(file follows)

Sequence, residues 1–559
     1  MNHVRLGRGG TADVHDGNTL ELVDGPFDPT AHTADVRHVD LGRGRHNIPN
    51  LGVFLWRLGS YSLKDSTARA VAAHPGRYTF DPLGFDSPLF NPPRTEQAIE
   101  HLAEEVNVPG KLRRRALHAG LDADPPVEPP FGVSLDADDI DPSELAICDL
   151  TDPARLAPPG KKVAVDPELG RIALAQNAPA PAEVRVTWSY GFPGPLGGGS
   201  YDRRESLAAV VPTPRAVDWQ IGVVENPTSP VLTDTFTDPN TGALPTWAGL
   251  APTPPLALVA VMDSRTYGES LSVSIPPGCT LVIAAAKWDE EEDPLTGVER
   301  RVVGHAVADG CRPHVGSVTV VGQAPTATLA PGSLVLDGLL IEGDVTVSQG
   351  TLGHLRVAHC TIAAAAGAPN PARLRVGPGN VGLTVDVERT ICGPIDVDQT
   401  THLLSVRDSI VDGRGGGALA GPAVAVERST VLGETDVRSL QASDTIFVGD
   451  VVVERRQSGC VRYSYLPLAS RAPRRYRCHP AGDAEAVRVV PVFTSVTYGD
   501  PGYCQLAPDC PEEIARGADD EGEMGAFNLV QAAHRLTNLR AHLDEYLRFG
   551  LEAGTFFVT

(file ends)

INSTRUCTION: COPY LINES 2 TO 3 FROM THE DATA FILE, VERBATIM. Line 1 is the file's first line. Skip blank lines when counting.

     1  MNHVRLGRGG TADVHDGNTL ELVDGPFDPT AHTADVRHVD LGRGRHNIPN
    51  LGVFLWRLGS YSLKDSTARA VAAHPGRYTF DPLGFDSPLF NPPRTEQAIE